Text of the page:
Parameters: listener The PropertyChangeListener to be removed Sun Microsystems 49 7/24/97 . oldValue The old value of the property. No event is fired if old and new are equal and non-null. newValue The new value of the property.Serializable This is a utility class that can be used by beans that support bound properties. • removePropertyChangeListener public synchronized void removePropertyChangeListener(PropertyChangeListener listener) Remove a PropertyChangeListener from the listener list.io.PropertyChangeSupport extends java. You can use an instance of this class as a member field of your bean and delegate various work to it. Object newValue) Report a bound property update to any registered listeners. Object oldValue.lang.Object implements java. Parameters: propertyName The programmatic name of the property that was changed. Parameters: listener The PropertyChangeListener to be added • firePropertyChange public void firePropertyChange(String propertyName.beans.JavaBeans Class PropertyChangeSupport public class java. Constructors • PropertyChangeSupport public PropertyChangeSupport(Object sourceBean) Methods • addPropertyChangeListener public synchronized void addPropertyChangeListener(PropertyChangeListener listener) Add a PropertyChangeListener to the listener list.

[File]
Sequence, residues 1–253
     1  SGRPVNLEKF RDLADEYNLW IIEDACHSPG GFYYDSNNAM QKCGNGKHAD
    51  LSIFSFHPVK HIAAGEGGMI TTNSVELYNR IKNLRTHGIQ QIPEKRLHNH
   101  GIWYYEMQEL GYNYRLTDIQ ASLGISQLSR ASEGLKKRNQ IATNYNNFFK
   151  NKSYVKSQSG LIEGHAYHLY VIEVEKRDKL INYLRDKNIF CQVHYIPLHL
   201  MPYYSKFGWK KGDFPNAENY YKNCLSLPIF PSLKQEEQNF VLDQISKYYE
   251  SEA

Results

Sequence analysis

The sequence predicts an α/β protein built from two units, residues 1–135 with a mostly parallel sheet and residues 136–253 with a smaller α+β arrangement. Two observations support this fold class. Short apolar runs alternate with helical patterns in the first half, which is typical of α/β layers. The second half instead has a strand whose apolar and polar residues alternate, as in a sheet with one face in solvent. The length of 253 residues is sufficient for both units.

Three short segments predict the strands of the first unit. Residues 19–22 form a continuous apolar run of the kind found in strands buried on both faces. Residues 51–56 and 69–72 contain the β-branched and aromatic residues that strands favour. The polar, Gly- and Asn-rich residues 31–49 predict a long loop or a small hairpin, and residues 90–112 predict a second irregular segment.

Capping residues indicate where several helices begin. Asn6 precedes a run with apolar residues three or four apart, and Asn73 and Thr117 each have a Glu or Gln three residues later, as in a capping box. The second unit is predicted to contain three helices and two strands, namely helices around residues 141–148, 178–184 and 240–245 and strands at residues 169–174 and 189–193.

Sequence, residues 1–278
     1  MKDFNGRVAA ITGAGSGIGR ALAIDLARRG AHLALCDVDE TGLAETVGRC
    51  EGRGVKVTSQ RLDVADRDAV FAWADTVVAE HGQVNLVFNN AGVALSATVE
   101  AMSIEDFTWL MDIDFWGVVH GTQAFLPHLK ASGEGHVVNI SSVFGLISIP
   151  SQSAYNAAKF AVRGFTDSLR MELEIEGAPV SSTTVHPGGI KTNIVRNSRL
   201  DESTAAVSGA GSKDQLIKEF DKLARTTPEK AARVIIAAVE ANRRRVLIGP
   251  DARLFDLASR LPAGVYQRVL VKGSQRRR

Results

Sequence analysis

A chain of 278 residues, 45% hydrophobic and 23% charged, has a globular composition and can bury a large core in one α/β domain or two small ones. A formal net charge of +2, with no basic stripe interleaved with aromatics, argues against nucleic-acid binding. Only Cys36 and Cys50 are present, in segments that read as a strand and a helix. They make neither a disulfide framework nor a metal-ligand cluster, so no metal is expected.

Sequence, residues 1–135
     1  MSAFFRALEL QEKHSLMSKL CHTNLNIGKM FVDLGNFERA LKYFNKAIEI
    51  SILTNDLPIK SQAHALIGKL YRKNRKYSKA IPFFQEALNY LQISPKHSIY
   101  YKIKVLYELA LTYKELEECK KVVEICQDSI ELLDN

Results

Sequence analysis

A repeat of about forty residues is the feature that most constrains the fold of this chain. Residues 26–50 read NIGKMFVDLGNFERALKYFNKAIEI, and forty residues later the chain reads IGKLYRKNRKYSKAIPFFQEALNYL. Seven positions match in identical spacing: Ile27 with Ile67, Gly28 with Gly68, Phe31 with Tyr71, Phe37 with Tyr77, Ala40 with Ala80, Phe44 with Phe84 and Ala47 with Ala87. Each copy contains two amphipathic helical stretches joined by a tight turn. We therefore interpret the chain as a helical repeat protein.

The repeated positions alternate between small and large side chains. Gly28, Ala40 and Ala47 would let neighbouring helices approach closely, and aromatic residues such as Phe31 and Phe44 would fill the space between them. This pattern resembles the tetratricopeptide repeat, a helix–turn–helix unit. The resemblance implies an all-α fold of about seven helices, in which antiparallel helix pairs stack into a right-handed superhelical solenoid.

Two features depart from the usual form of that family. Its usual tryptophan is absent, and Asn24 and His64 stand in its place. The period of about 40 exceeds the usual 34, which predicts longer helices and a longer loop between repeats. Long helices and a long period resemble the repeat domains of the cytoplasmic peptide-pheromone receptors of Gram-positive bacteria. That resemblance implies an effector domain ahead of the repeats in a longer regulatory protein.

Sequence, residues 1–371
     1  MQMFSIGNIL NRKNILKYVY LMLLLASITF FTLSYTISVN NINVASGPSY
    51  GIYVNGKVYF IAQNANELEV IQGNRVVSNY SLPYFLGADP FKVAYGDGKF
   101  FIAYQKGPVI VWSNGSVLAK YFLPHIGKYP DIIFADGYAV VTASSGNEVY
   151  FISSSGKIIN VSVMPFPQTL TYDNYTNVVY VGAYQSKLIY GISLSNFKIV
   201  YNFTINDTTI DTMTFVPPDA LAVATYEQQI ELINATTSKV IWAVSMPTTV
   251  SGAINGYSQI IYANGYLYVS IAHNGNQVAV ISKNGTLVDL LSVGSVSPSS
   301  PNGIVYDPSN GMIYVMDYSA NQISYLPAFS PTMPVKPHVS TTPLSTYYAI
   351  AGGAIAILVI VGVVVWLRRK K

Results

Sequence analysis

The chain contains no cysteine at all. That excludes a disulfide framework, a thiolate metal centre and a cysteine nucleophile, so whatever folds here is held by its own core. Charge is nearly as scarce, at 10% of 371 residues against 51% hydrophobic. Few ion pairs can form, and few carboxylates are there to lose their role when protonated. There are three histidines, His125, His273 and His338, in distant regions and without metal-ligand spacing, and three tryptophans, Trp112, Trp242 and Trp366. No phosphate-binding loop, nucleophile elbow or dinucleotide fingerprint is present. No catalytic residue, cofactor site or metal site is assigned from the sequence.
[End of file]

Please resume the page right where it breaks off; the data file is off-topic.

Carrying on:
PropertyChangeEvent evt) Parameters: mess Descriptive message evt A PropertyChangeEvent describing the vetoed change. Methods • getPropertyChangeEvent public PropertyChangeEvent getPropertyChangeEvent() Sun Microsystems 50 7/24/97 .JavaBeans Class PropertyVetoException public class java. Constructors • PropertyVetoException public PropertyVetoException(String mess.beans.lang.Exception A PropertyVetoException is thrown when a proposed change to a property represents an unacceptable value.PropertyVetoException extends java.

EventListener A VetoableChange event gets fired whenever a bean changes a "constrained" property. Methods • vetoableChange public void vetoableChange(PropertyChangeEvent evt) throws PropertyVetoException This method gets called when a constrained property is changed. Throws: PropertyVetoException if the recipient wishes the property change to be rolled back. Parameters: evt a PropertyChangeEvent object describing the event source and the property that has changed.util.beans.VetoableChangeListener extends java. Sun Microsystems 51 7/24/97 .JavaBeans Interface VetoableChangeListener public interface java. You can register a VetoableChangeListener with a source bean so as to be notified of any constrained property updates.